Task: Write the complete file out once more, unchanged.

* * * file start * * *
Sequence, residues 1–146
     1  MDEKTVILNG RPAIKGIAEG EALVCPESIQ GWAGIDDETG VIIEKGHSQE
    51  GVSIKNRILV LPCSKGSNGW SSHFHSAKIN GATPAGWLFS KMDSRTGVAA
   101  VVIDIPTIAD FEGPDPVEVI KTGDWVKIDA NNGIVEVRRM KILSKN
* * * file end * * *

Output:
Sequence, residues 1–146
     1  MDEKTVILNG RPAIKGIAEG EALVCPESIQ GWAGIDDETG VIIEKGHSQE
    51  GVSIKNRILV LPCSKGSNGW SSHFHSAKIN GATPAGWLFS KMDSRTGVAA
   101  VVIDIPTIAD FEGPDPVEVI KTGDWVKIDA NNGIVEVRRM KILSKN